That first sundown was spent at the most promising structure depicted on the crude old lake map. Walleyes were the target. With about 10 holes drilled, I had a pretty good handle on the lay of the lake. The mood of the fish, however, was beyond my control.
Red and orange bars would appear slowly on my Vexilar and disappear after a few moments of apparent disinterest. My tip-up flag went up often, but attempted hand-to-fin combat always ended with an empty hook. These scenarios repeated themselves several times. I downsized my jigging spoon and kept skewering minnows, hoping for better results.
Well after dark, a large red mark approached my lure. It followed as I pulled up slowly. One fish appeared to separate into two, with a rippling green signal immediately below. I could not imagine what my sonar was trying to show me. Not until I detected a small bite and set the hook, that is: my rod doubled over and the line barely budged.
I managed to work that fish nearly up to the top before it began fighting back. Then progress was slow. Time and again, powerful runs erased gains made. There was no doubt the fish was large. Since it was already nighttime, I assumed it to be either a burly eelpout or the heftiest walleye I’d ever fooled into biting. When the massive face of a northern pike passed through the beam of my headlamp, I let out an astonished gasp.
On about the third attempt to maneuver that fish’s head into the hole, I finally succeeded. Foot after foot of fish flesh emerged from the 6-inch hole as I lifted. It was miraculously docile once topside. Even more miraculously, the tiny, mangled treble hook was barely lodged in its lip. I took a couple photos and a quick measurement— 38 inches, my biggest ever— before sending it back through the ice. It was a thrill, to be sure.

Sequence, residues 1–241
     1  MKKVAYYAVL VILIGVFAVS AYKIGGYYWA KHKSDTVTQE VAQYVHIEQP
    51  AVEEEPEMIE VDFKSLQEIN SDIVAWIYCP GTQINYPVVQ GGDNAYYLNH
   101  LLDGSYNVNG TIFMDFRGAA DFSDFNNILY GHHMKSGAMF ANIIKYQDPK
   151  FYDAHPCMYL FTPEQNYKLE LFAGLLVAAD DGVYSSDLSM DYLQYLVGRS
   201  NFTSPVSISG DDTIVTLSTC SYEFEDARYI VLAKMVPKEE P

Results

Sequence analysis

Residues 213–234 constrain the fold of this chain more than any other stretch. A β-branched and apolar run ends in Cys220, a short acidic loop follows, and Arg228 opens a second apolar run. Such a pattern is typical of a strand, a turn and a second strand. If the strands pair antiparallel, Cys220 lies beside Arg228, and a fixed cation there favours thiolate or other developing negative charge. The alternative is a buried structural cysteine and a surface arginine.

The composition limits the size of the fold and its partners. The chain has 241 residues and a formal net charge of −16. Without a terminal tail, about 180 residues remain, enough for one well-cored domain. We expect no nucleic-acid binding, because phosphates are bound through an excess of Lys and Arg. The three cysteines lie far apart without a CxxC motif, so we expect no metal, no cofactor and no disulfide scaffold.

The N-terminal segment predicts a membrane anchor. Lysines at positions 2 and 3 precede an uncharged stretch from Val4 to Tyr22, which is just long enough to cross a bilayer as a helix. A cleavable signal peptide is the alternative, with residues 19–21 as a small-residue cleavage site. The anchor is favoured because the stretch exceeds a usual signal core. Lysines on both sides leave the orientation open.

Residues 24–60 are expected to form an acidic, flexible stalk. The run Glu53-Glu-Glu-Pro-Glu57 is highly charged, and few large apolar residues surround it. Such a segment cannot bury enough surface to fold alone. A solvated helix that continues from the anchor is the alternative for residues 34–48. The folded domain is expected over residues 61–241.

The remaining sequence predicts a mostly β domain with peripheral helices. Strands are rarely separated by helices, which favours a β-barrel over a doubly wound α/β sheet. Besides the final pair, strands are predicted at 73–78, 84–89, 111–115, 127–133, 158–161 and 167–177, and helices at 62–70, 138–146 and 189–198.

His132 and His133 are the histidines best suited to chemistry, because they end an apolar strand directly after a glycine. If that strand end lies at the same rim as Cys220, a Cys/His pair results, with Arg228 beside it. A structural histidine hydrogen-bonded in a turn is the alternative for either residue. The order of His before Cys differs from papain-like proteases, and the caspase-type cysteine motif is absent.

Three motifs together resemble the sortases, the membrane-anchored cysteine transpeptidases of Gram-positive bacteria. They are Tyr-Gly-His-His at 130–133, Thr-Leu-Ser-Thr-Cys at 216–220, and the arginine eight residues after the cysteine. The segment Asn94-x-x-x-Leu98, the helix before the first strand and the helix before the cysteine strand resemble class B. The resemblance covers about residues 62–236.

As stillness closed in again, however, that thrill faded and was soon overbalanced by foreboding as black as the night itself. The cold of night was at hand, which brought a piercing sense of isolation and helplessness. In that moment I wanted to be anywhere but there. Consciously, I knew temperatures would stay reasonable and that I was well prepared. But anxiety of that kind isn’t necessarily logical. I soon headed for the safety of camp.
Once fed and seated by a crackling fire, my rational self again wrested control of my mind. I truly had not anticipated the kind of anxiety that swept over me on the lake, and spent some time sitting and examining it like a raging beast returned to its cage. It was unlike anything that has ever happened to me on my adventures.
I crawled warm, dry, and calm into my sleeping bag and listened to sled dogs barking in the distance.
30-Minute Gold Strike
Overnight temperatures seemed to hold around 20 degrees, as expected. Unzipping the bag and getting dressed at 6 a.m. was surprisingly easy. I was eager to get back to my fishing spot, which I believed to be good despite a somewhat disappointing show the night before.
The walleyes were in much the same mood. Unenthusiastic visitors to my lures continued to frustrate. Still, I kept at it.
My tip-up had five hits without a hookup, so it seemed I needed to change….something. I gave it a different hook type, re-baited, and re-set. In the same spirit, I also swapped my lure for an Al’s Goldfish Living Lure in perch color. That’s when the magic happened.
The next fish to approach my jig came fast and gulped it without hesitation. It was a 16-inch walleye that I happily tossed on the ice next to my sled. Minutes later, the tip-up flag went up again as another red mark approached my lure. The attempted thief turned out to be an 18-inch walleye which apparently had no qualms about swallowing a whole minnow. A little while later, a 10-incher showed similar enthusiasm while other fish made moves on my jigging spoon.
That change in activity was clear and concise, lasting just half an hour or so. Of course, I’d hoped that kind of action would have been the norm rather than the exception. All the same, I felt my goal of finding good walleye fishing in the BWCA had been met.